It was a time of social ferment as Santa Cruz politics landed firmly in the hands of young university radicals and the old conservative families lost power to the university campus they brought to town in the 1960s. The idea was to give the seaside town a year-round economy by inviting the University of California to build a campus in the redwoods. They succeeded and got themselves Berkeley South, a campus of radical left wing politics...which was great for a cub reporter at the local radio station. There was always stuff to report and people to interview in town and on campus and there were four local radio stations competing. We were a forest of microphones at public events. I had a blast.
On the musical side KUSP had world class musicians volunteering and old radio hands like Genial Johnny Simmons who  spent his working life behind the microphone and knew everything there was to know about music, music history, news and programming. He was Lance's right hand man and as program director struggled to keep the balance between satellite and local programming. I was in awe of him. He used to make these cards for his radio show, the Lost Highway:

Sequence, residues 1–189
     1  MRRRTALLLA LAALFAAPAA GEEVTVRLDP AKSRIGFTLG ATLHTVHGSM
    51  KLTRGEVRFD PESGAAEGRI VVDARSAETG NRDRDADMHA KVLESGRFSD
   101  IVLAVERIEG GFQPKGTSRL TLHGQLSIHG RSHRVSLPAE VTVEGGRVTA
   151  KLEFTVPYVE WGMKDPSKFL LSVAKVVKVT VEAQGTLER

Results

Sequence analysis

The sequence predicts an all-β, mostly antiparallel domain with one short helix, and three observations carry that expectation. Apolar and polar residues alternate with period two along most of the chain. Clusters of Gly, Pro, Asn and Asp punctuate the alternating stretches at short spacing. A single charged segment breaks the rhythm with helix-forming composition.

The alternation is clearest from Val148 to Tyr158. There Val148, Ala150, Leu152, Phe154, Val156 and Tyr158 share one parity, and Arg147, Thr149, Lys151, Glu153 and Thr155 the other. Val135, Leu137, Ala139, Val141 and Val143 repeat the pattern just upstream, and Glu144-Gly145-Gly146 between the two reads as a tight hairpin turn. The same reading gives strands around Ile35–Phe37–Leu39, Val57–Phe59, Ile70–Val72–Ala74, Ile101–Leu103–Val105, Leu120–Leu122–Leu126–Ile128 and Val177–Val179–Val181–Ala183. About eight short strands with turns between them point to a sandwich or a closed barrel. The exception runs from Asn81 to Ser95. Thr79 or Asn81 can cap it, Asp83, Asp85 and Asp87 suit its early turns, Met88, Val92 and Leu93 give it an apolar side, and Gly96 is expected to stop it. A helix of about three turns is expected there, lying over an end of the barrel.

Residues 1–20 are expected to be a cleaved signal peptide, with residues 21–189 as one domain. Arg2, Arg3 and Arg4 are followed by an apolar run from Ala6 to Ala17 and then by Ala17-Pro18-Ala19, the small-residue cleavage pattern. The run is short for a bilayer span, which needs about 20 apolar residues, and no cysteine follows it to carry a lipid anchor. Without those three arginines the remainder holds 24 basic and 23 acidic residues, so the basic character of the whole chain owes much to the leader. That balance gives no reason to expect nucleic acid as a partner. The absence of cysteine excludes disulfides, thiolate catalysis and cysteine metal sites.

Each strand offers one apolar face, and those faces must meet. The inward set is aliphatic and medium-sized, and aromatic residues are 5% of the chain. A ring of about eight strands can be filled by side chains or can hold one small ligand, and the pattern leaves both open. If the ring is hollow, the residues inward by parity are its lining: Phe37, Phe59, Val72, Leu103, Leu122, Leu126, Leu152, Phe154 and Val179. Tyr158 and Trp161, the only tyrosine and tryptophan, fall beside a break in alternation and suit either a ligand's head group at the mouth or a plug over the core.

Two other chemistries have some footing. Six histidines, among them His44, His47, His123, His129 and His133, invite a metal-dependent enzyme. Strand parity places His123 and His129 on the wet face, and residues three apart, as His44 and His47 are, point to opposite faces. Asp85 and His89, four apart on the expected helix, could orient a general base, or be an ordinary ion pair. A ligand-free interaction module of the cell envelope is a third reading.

And there I was, the local voice of the often despised satellite news shows, riding around town on my Vespa waving my microphone in the face of any who would listen. Looking back it was all seat of the pants stuff and if you tuned in at six after All Things Considered which started at 4:30, you never knew what the hell we would use to fill our half hour of local news. I spent my days madly cutting tape and splicing together my scripts with sound bites and background sounds as taught to me by my editors at NPR and it was all done as fast as possible to meet the inevitable daily deadline.
  
It would be impossible to list the people who made KUSP such a cultural ferment in those years, Peter Feistman was one, a stately German refuge from World War Two and his canary yellow E-type Jaguar, playing classical music immediately after the news: